Toothpaste is a paste or gel dentifrice used with a toothbrush to clean and maintain the aesthetics and health of teeth. Toothpaste is used to promote oral hygiene: it is an abrasive that aids in removing dental plaque and food from the teeth, assists in suppressing halitosis, and delivers active ingredients (most commonly fluoride) to help prevent tooth decay (dental caries) and gum disease (gingivitis). Salt and sodium bicarbonate (baking soda) are among materials that can be substituted for commercial toothpaste. Large amounts of swallowed toothpaste can be toxic.
A 2016 systematic review indicates that using toothpaste when brushing the teeth has no impact on the level of plaque removal.
In addition to 20%–42% water, toothpastes are derived from a variety of components, the three main ones being abrasives, fluoride, and detergents.
Abrasives constitute at least 50% of a typical toothpaste. These insoluble particles are designed to help remove plaque from the teeth. The removal of plaque and calculus prevents the accumulation of tartar and is widely claimed to help minimize cavities and periodontal disease, although the clinical significance of this benefit is debated. Representative abrasives include particles of aluminum hydroxide (Al(OH)3), calcium carbonate (CaCO3), various calcium hydrogen phosphates, various silicas and zeolites, and hydroxyapatite (Ca5(PO4)3OH).
Abrasives, like the dental polishing agents used in dentists' offices, also cause a small amount of enamel erosion which is termed "polishing" action. Some brands contain powdered white mica, which acts as a mild abrasive, and also adds a cosmetically pleasing glittery shimmer to the paste. The polishing of teeth removes stains from tooth surfaces, but has not been shown to improve dental health over and above the effects of the removal of plaque and calculus.
The abrasive effect of toothpaste is indicated by its RDA value. Too high RDA values are deleterious. Some dentists recommend toothpaste with an RDA value no higher than 50 for daily use.
Fluoride in various forms is the most popular active ingredient in toothpaste to prevent cavities. Fluoride is present in small amounts in plants, animals, and some natural water sources. The additional fluoride in toothpaste has beneficial effects on the formation of dental enamel and bones. Sodium fluoride (NaF) is the most common source of fluoride, but stannous fluoride (SnF2), olaflur (an organic salt of fluoride), and sodium monofluorophosphate (Na2PO3F) are also used. Stannous fluoride has been shown to be more effective than sodium fluoride in reducing the incidence of dental caries and controlling gingivitis, but causes somewhat more surface stains.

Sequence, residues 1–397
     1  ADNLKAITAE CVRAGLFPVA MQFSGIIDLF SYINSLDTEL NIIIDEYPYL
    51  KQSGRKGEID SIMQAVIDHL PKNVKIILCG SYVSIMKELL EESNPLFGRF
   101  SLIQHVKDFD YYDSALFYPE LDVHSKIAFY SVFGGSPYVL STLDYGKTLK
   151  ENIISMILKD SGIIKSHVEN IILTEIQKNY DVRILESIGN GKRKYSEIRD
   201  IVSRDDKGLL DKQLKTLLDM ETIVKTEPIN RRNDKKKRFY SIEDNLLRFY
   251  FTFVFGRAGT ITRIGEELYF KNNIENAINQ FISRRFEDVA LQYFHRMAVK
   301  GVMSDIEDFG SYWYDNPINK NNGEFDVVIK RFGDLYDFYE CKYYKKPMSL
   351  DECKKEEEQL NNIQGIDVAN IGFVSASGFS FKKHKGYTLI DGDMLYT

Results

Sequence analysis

Much of the toothpaste sold in the United States has 1,000 to 1,100 parts per million fluoride. In European countries, such as the UK or Greece, the fluoride content is often higher; a NaF content of 0.312% w/w (1,450 ppm fluoride) is common. All of these concentrations are likely to prevent tooth decay, according to a 2010 Cochrane review. Concentrations below 1,000 ppm are not likely to be preventive, and the preventive effect increases with concentration. Clinical trials support the use of high fluoride dentifrices, as it was found to reduce the amount of plaque accumulated, decrease the number of mutans streptococci and lactobacilli and possibly promote calcium fluoride deposits to a higher degree than after the use of traditional fluoride containing dentifrices. However, these effects must be balanced with the increased risk of harm at higher concentrations.
Many, although not all, toothpastes contain sodium lauryl sulfate (SLS) or related surfactants (detergents). SLS is found in many other personal care products as well, such as shampoo, and is mainly a foaming agent, which enables uniform distribution of toothpaste, improving its cleansing power.
Triclosan, an antibacterial agent, is a common toothpaste ingredient in the United Kingdom. Triclosan or zinc chloride prevent gingivitis and, according to the American Dental Association, helps reduce tartar and bad breath. A 2006 review of clinical research concluded there was evidence for the effectiveness of 0.30% triclosan in reducing plaque and gingivitis. Another Cochrane review in 2013 has found that triclosan achieved a 22% reduction in plaque, and in gingivitis, a 48% reduction in bleeding gums. However, there was insufficient evidence to show a difference in fighting periodontitis and there was no evidence either of any harmful effects associated with the use of triclosan toothpastes for more than 3 years. The evidence relating to plaque and gingivitis was considered to be of moderate quality while for periodontitis was low quality.
Toothpaste comes in a variety of colors and flavors, intended to encourage use of the product. The three most common flavorants are peppermint, spearmint, and wintergreen. Toothpaste flavored with peppermint-anise oil is popular in the Mediterranean region. These flavors are provided by the respective oils, e.g. peppermint oil. More exotic flavors include Anethole anise, apricot, bubblegum, cinnamon, fennel, lavender, neem, ginger, vanilla, lemon, orange, and pine. Alternatively, unflavored toothpastes exist.